Students and staff stand behind new California legislation that pushes back school start times

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Students and staff stand behind new California legislation that pushes back school start times

Dressed in pajamas, seniors Teya Everts, Cate McBride and Nathan Clem walk into school at 7:15 a.m.. Everts believes that a required school start time at 8:30 a.m. implemented in California would benefit students. “I think kids would get more sleep which would help academics,” Everts said. “Even if [we] got home later, we would wake up later.”

Dressed in pajamas, seniors Teya Everts, Cate McBride and Nathan Clem walk into school at 7:15 a.m.. Everts believes that a required school start time at 8:30 a.m. implemented in California would benefit students. “I think kids would get more sleep which would help academics,” Everts said. “Even if [we] got home later, we would wake up later.”

Susie Seidel

Dressed in pajamas, seniors Teya Everts, Cate McBride and Nathan Clem walk into school at 7:15 a.m.. Everts believes that a required school start time at 8:30 a.m. implemented in California would benefit students. “I think kids would get more sleep which would help academics,” Everts said. “Even if [we] got home later, we would wake up later.”

Susie Seidel

Susie Seidel

Dressed in pajamas, seniors Teya Everts, Cate McBride and Nathan Clem walk into school at 7:15 a.m.. Everts believes that a required school start time at 8:30 a.m. implemented in California would benefit students. “I think kids would get more sleep which would help academics,” Everts said. “Even if [we] got home later, we would wake up later.”

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Homework, school activities, work, family time, hanging out with friends. Among the priorities of high school students, sleep tends to rank at the bottom of the list. In order to encourage students to get more sleep, California has become the first state in the country to require a later school start time. High schools must start at 8:30 a.m..

This new legislation has been implemented in an effort to improve mental and physical health for students and ultimately enhance academic performance.

“I think teenagers need more sleep and have different sleep patterns than [younger] kids because they go to bed later and wake up later. Your brains aren’t generally turned on until the first or second period and mornings can be a struggle,” care counselor Rebecca Morris said.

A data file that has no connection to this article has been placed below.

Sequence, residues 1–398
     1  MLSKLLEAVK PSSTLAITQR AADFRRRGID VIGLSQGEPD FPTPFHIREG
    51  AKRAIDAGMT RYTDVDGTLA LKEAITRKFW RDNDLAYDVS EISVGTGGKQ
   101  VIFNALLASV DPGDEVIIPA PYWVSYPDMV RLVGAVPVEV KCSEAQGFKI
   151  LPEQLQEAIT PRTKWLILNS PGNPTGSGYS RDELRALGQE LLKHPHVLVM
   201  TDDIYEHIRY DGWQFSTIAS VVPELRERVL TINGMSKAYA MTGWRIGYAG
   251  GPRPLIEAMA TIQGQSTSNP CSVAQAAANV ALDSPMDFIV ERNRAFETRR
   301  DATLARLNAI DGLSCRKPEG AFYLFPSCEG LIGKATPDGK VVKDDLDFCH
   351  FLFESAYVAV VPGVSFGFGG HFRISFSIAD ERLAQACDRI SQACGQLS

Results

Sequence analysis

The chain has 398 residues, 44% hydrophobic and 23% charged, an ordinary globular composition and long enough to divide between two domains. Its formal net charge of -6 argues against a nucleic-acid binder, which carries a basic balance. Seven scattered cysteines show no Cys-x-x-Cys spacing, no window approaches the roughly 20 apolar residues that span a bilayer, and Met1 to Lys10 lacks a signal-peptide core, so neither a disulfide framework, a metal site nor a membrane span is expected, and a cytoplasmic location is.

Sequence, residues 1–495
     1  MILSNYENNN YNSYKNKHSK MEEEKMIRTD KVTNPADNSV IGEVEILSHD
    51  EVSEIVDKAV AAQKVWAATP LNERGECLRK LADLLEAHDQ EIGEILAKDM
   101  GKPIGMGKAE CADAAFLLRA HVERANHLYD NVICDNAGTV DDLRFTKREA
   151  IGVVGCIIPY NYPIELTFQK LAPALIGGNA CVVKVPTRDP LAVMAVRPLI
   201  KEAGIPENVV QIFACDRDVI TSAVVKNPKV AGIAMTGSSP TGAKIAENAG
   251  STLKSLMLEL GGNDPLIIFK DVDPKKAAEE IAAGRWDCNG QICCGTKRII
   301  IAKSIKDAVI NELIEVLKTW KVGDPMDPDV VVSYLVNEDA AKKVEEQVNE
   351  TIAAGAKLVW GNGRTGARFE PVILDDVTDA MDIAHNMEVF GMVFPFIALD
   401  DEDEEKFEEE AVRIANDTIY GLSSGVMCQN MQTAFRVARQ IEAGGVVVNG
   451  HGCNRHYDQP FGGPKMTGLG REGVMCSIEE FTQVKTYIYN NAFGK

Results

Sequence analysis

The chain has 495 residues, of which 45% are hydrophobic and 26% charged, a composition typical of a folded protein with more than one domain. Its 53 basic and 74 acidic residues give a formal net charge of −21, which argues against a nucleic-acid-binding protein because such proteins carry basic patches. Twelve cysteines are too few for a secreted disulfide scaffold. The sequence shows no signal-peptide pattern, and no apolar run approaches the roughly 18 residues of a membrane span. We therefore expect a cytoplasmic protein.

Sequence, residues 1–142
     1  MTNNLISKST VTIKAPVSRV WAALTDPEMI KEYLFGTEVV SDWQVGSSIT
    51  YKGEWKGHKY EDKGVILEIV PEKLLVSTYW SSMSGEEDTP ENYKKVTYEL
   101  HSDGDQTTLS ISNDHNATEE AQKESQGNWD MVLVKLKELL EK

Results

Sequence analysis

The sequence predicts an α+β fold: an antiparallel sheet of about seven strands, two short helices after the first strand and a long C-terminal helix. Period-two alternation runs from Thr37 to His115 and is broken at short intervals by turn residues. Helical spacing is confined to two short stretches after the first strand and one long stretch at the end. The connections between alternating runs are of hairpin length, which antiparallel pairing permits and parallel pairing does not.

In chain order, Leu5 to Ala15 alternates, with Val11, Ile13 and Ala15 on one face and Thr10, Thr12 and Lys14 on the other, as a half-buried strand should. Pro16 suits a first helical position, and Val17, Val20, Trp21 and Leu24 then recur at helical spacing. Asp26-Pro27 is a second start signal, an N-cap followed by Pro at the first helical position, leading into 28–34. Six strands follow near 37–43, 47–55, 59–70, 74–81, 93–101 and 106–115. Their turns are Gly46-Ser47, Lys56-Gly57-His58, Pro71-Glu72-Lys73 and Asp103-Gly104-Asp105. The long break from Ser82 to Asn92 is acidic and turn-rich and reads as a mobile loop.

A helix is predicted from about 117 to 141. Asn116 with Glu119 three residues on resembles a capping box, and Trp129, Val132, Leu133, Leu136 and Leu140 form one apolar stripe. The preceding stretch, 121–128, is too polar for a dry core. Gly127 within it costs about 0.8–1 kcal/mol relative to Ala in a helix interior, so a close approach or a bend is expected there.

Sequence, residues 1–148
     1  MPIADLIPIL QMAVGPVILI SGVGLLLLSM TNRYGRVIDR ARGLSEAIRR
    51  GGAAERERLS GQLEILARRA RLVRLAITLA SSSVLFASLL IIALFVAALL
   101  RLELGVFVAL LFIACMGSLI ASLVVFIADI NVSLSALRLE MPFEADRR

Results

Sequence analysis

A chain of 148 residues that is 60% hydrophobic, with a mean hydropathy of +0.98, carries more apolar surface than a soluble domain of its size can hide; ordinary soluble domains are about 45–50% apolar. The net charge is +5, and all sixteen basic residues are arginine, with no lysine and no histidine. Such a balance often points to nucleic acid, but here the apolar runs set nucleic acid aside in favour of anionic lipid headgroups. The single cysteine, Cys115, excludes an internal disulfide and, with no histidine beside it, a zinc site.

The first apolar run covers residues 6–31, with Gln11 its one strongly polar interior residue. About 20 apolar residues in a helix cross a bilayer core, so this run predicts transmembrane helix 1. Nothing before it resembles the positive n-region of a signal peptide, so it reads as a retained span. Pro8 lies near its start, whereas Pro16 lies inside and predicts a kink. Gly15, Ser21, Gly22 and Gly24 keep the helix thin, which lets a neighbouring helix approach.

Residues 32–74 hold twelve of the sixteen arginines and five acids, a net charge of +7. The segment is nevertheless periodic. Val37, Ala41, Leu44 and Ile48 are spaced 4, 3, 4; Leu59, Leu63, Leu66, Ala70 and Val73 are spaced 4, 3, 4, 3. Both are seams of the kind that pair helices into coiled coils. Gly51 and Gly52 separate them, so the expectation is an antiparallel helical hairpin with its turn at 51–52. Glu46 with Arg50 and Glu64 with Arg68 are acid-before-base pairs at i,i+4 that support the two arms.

According to U.S. News, high school students average three and a half hours of homework per night.

“[Students] don’t get home from sports until 7 p.m. sometimes, but you want family time and have homework when you get home,” senior Cate McBride said. “Then, you don’t sleep, which causes sleep deprivation and poor concentration which can lead to poor grades.”

A later school start time means that extra curricular activities would end later in the evening, but sophomore and cross country runner Ben Taylor said more time for sleep outweighs a later evening. 

“Extra curricular activities would be affected. I usually get home [late] anyway, so that could cut into family time or homework time, but I think it would be worth it,” Taylor said.

Junior and St. Louis City resident Bri Davis said a later school start time would allow for more sleep and a smoother morning transition.

“Waking up at 5 a.m. is already hard, and then I already stay after school because of sports, so if we started and got home an hour later, I wouldn’t really mind because I could sleep in and prepare myself for the day ahead,” Davis said. “I think it would be a good thing to do and be more convenient.” 

While the proposition of a later school start time has been previously addressed without action, supporting research and a new precedent set by California could incite change.

“Studies have shown people learn better later in the morning, and so going to school early serves no purpose,” Taylor said. “I think [starting later] could be beneficial to our education.”

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